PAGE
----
Yesterday I spent the better (or worse, depending on your point of view) part of 3 hours researching and then traipsing all over town to replace my aging wireless router. For you nerds out there, I had an old “G” Linksys that would not keep our dueling iPads connected to the internet all the way across the house. Ended up buying a higher-powered “N” version that seems to have done the trick.
But, as before, this is not a blog about getting your tech on. In a roundabout way, however, it will touch on connectivity. More on that later.
No, I’m talking about business as usual to the nth degree. So would I be shopping for a router before cancer? Of course. Would I be spending all day at the office working on our non-profit budget on a Sunday (today) before cancer? You betcha. At dinner with friends, would I be powering down a couple glasses of sangria (spiked with tequila) followed by a Rombauer chaser, before cancer? Absolutely. Would I typically be getting only 6 1/2 hours of sleep before cancer? Unfortunately yes. Should I still be doing all of these things at that level with cancer? Uh, no.
My wifey would categorically agree with the statement that I am pushing myself too far with this business as usual stuff. And I would be hard pressed to disagree. And disagreeing with your wife, in any situation, is not a recommended course of action. However, figuring out how to dial back my daily activities to a lower level than BC is easier said than done. Gotta have a router. Gotta balance that budget. Gotta have my Rombauer. The sleep thing? That I could work on. Maybe it would take some really bad news to press me into (in)action. Let’s not test that theory though, shall we?
On the connectivity front, last you heard from me I was on my way upstairs to connect with a bunch of lung cancer peeps at the Lungevity Hope Summit in DC. Having only met 2 or 3 other lung cancers survivors in person, it was a total trip to be in a roomful (150) of them comparing notes, sharing stories and treatments and just reinforcing the fact that we are not alone. Lots of survivors there, many of them stage IV unfortunately, but the longevity ranged from the newbies (6 months since diagnosis) to 25+ years. Gives you lots of hope, which amazingly was the title of the conference. Duh.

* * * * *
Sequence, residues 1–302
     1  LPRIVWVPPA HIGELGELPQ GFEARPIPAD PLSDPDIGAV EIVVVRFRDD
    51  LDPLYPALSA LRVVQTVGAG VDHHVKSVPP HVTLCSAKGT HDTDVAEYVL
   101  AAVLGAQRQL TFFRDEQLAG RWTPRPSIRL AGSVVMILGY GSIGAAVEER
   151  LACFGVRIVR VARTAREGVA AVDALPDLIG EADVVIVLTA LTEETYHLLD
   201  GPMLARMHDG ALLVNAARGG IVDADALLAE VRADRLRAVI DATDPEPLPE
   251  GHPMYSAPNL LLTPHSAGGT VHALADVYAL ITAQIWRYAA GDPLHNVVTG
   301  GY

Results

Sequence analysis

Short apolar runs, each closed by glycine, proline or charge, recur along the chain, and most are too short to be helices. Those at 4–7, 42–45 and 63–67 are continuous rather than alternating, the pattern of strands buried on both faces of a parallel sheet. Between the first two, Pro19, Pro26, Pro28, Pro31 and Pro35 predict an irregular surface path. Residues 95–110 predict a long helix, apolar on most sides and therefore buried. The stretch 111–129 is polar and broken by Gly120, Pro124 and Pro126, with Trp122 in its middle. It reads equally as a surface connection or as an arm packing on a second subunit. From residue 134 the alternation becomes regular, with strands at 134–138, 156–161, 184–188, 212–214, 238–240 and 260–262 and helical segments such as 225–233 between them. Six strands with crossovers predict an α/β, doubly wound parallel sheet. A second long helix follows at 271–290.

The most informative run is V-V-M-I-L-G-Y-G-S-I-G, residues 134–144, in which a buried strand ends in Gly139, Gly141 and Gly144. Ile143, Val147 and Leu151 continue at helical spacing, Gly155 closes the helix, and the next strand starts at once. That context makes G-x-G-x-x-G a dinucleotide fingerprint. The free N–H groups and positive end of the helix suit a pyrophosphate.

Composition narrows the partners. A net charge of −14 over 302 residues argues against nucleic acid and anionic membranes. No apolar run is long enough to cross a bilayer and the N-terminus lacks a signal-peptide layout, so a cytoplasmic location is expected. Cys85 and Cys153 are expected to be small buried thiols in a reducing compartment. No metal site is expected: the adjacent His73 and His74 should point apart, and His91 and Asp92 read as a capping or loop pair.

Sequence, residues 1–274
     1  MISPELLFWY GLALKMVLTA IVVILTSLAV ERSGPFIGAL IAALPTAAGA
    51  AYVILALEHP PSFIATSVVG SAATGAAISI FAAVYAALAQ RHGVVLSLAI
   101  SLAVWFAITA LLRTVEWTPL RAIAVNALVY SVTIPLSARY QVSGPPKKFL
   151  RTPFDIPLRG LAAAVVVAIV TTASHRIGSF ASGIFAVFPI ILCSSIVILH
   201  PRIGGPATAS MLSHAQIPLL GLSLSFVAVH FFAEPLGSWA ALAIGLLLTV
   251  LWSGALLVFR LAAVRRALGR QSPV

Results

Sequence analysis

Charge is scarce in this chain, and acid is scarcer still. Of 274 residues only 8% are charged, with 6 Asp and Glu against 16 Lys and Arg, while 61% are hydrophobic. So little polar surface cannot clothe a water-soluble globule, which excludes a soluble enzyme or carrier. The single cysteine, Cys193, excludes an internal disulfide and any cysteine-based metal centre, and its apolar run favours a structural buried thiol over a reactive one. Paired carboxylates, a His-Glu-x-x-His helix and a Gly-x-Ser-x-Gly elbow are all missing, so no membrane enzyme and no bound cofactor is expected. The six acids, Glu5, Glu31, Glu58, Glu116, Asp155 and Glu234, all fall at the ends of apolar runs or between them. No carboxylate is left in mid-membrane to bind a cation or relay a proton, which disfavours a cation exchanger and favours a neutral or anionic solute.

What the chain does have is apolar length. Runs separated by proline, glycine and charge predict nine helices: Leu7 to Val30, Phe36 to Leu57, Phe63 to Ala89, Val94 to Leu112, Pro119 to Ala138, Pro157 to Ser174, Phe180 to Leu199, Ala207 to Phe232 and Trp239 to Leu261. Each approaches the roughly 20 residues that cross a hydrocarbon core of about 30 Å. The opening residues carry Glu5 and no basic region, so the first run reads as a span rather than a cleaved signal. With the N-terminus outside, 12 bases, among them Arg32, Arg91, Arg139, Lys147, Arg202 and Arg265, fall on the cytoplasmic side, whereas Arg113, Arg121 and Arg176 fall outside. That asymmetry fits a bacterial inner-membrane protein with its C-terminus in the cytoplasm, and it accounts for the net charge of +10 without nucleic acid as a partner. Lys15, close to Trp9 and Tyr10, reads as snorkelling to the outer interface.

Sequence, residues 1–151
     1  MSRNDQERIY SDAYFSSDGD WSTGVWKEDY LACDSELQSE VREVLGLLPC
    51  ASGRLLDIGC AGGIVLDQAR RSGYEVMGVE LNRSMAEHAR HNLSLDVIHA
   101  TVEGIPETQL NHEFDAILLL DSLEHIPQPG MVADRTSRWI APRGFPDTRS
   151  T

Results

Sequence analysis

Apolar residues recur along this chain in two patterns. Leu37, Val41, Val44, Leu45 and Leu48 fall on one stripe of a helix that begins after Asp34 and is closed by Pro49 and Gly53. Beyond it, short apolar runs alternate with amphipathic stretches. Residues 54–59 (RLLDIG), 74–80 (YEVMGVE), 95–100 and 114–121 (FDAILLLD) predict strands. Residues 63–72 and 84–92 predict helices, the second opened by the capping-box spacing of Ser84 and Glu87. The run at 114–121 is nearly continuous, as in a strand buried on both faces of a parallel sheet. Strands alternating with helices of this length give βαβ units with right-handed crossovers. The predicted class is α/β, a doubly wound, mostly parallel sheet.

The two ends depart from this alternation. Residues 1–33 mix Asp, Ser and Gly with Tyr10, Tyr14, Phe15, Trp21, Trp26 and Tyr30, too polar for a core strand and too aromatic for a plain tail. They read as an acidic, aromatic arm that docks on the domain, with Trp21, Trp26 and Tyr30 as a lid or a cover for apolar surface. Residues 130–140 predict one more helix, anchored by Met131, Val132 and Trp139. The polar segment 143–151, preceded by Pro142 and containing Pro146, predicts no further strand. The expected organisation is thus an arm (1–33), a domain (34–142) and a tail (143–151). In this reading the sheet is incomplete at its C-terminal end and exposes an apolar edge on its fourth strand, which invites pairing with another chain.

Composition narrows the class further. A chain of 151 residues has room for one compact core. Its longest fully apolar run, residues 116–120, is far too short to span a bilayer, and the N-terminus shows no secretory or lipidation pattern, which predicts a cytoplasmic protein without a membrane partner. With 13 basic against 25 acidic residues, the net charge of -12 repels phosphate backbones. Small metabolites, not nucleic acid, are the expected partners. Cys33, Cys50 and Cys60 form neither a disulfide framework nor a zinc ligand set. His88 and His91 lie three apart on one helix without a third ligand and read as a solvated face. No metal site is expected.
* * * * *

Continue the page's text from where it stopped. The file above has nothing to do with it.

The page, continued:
In addition to the camaraderie, which was awesome by the way, we were also treated to several sessions put on by docs talking about the latest and greatest treatments and options on the horizon. Just keep pushin’ it out. That’s the plan.
One of the more fun things was to finally meet (in person) some of my fellow lung cancer bloggers who, with the exception of Dann, I have only met on-line. Here is a picture of a bunch of us. And can you tell we were having fun? And the dinner that Saturday was to die for. Oops, poor choice of words. :) Hey, dark humor has helped keep me going these 2+ years. (Photos courtesy of Randy Elles Photography LUNGevity Foundation).
Since my flight was covered by a grant from Lungevity (thank you very much), I stayed on in DC for a couple extra days to visit a few museums. Visited the Spy Museum, the Newseum, and the Museum of American History. But since I am the one in charge of our budget at work, I could not justify staying at the Marriott still. Instead I found a 101 year old hotel just a few blocks from the White House. Very interesting accommodations. Although I needed neither a closet nor the A/C for the one night I was there, it was enlightening to see how they managed those features in such “classic” accommodations. The pictures speak a thousand words.
Back in the home country of San Diego, it truly is business as usual. Nothing new on the scan front until Friday the 12th when I get my next double dose. Scanxiety should kick in about the 9th or 10th. Keep those positive vibes coming so I can surf ahead of that wave and take advantage of some new options down the road.
Business as usual. Day at a time.